Before I get to today's topic I wanted to say thank you to everyone for your lovely comments on my last post. A special thank you to Julie Dyson, who mentioned a poem called October's Bright Blue Weather. I looked the poem up and it was lovely. And Marie asked about our dogs. She was confused because she thought we only had one. We actually have two dogs, and they are sort of "his and her" pets. I'm the person who belongs to Fergus the Westie, and my husband is the person owned by Jenny the wiener dog. Fergus gets very jealous if I mention Jenny on my blog, so that could be why you hadn't heard about her before.
Now for the serious stuff. If you aren't interested in the details surrounding what happened with the breach of my online banking please feel free to scroll down, and there will be a few pictures that have nothing whatsoever to do with crime.
My online banking was broken into early in August. The bank caught the fraud while it was happening, immediately stopped online access to my accounts, and phoned me. This was all good. They also immediately deposited back the amount that had been stolen. That was also good. But this is where the good stopped and the bad started, at least in terms of the bank and their response.
In that initial phone call alerting me to the fraud I was told my account was accessed on the very first try of the password, and that meant I had to have malware on my computer. They told me I needed to take it in to a professional to have the computer completely wiped. Several phone calls with the fraud department later they reluctantly agreed that it would probably be okay if my son-in-law wiped it rather than someone at a big box store, but they weren't very happy about it. They wanted a receipt proving it had been done. And here's the scary part. I was told that if I didn't wipe my computer and the fraud happened again I would be on the hook for any funds stolen. Gulp.
I took my computer into Anton, and he had a very good look at it. His verdict was there was almost no chance it had malware. Also, he said the malware that would be required to do what the bank claimed had happened would have to be very sophisticated. Probably not the kind of thing you pick up downloading knitting and sewing patterns.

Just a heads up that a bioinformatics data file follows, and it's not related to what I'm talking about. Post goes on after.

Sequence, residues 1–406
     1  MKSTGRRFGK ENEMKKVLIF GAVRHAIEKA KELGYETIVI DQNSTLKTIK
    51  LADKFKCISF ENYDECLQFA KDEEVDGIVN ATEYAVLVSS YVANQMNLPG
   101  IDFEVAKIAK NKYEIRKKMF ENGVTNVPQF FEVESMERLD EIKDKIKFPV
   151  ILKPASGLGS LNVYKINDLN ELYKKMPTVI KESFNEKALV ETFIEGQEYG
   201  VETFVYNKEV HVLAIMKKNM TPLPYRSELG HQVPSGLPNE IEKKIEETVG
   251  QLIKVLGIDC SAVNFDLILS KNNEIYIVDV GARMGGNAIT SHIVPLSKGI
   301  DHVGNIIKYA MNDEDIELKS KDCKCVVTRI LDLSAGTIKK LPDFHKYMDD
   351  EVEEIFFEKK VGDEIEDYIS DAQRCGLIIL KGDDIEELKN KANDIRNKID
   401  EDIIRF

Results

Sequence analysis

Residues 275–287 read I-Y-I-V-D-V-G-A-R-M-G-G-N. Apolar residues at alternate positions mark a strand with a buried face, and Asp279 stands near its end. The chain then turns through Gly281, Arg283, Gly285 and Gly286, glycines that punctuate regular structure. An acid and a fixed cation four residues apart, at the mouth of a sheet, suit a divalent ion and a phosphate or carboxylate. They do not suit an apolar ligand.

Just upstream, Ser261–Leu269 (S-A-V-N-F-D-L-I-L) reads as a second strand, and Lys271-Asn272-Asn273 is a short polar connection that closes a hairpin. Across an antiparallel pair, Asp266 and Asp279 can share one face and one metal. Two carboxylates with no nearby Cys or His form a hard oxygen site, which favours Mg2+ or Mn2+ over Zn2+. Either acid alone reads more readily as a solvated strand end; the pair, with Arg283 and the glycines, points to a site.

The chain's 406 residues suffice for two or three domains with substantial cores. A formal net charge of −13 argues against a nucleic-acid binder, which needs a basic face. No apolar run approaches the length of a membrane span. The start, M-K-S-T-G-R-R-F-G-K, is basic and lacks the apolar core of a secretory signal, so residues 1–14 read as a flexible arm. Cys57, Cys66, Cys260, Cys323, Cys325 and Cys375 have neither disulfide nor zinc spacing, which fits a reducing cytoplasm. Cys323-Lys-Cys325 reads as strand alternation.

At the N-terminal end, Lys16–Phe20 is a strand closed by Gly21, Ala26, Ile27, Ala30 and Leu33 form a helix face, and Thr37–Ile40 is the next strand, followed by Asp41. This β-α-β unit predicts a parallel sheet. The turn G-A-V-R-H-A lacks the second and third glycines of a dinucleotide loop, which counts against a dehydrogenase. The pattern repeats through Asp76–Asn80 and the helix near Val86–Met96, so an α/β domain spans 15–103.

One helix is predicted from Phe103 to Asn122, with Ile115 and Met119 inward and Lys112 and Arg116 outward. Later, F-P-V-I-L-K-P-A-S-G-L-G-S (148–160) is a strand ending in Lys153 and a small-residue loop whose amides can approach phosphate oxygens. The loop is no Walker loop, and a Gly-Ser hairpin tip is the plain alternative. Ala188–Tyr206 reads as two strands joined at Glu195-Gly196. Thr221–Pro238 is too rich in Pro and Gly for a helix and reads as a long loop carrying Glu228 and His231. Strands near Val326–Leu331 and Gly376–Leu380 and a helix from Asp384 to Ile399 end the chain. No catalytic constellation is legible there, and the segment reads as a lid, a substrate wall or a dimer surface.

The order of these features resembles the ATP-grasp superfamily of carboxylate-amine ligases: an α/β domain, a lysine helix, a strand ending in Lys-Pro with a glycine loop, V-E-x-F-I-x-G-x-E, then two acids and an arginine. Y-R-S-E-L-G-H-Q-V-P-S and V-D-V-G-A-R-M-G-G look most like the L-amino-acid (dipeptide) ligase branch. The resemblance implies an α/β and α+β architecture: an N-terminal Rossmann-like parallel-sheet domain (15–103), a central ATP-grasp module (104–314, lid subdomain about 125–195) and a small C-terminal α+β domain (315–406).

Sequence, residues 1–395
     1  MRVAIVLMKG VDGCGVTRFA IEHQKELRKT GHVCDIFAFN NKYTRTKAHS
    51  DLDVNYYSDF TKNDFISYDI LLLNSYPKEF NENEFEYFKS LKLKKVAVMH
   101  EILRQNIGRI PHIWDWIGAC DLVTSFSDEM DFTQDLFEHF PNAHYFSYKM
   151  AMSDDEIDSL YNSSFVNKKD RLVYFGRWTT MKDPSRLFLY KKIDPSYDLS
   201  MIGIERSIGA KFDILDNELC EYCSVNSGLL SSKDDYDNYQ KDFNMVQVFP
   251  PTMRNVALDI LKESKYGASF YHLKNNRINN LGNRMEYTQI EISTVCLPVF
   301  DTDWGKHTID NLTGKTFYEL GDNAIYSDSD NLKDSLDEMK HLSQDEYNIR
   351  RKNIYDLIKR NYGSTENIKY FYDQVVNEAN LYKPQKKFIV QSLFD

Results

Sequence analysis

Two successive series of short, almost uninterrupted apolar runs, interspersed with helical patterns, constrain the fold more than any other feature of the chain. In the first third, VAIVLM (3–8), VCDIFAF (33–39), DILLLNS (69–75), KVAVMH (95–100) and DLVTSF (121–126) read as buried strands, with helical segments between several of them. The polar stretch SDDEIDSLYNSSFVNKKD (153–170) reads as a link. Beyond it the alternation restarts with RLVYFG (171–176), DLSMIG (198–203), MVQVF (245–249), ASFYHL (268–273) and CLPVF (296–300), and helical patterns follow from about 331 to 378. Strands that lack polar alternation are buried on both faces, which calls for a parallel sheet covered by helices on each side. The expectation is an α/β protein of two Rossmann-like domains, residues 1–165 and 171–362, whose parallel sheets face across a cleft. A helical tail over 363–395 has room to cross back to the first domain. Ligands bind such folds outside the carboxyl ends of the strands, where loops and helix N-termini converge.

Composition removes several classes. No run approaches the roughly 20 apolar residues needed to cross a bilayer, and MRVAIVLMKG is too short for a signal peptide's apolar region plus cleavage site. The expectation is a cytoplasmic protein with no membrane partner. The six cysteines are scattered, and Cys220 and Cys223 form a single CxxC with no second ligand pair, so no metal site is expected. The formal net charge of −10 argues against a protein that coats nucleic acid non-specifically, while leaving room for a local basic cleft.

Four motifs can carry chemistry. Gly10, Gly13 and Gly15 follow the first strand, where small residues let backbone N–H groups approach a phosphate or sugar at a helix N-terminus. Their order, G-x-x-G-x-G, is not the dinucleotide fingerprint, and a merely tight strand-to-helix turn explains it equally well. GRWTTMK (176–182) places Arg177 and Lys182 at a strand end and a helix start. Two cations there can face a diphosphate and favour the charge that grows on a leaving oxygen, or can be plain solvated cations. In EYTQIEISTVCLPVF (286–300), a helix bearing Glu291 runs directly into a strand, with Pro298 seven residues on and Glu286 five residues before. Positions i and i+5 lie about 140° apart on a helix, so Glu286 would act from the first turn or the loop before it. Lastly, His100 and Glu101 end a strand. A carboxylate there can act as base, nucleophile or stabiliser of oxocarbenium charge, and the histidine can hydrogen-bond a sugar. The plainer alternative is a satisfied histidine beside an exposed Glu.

While he had my computer, and about two weeks after the original bank fraud, we got a phone call late one night from an RCMP officer in a nearby community. He had recovered a stolen car that day, and in it was a cell phone. And on the cell phone were pictures of my driver's licence, bank debit card, and my two charge cards. He said the person who stole the car was definitely the person who broke into my car that day back in July when I was at Teapot Hill. It was a drug addict, well known to the police, and it was the second car he had stolen in the past week.
When an addict breaks into your vehicle they are after one thing. Cash. They have two ways of getting that cash. One is taking whatever money you happened to have in your purse. The other is by selling the stuff they find when they break in. And one of the things they sell is your ID. They get a couple hundred dollars, and someone who knows how to use your ID hits the jackpot.
Yes, I had immediately cancelled my bank cards and my driver's licence. But unbeknownst to me, when the bank reissued my client card they gave me a card with the same number. It never occurred to me to check. It never occurred to me they would be stupid enough to do something like that, especially since I told them I needed it replaced because it had been stolen. And here's the thing. That client card number is the user name for signing into online banking at my bank. I might have noticed when I next logged into my account, but I wasn't logging in from my computer since I didn't have it. I had downloaded the banking app onto my phone and since it was new had to enter the number. I didn't have anything to compare it to.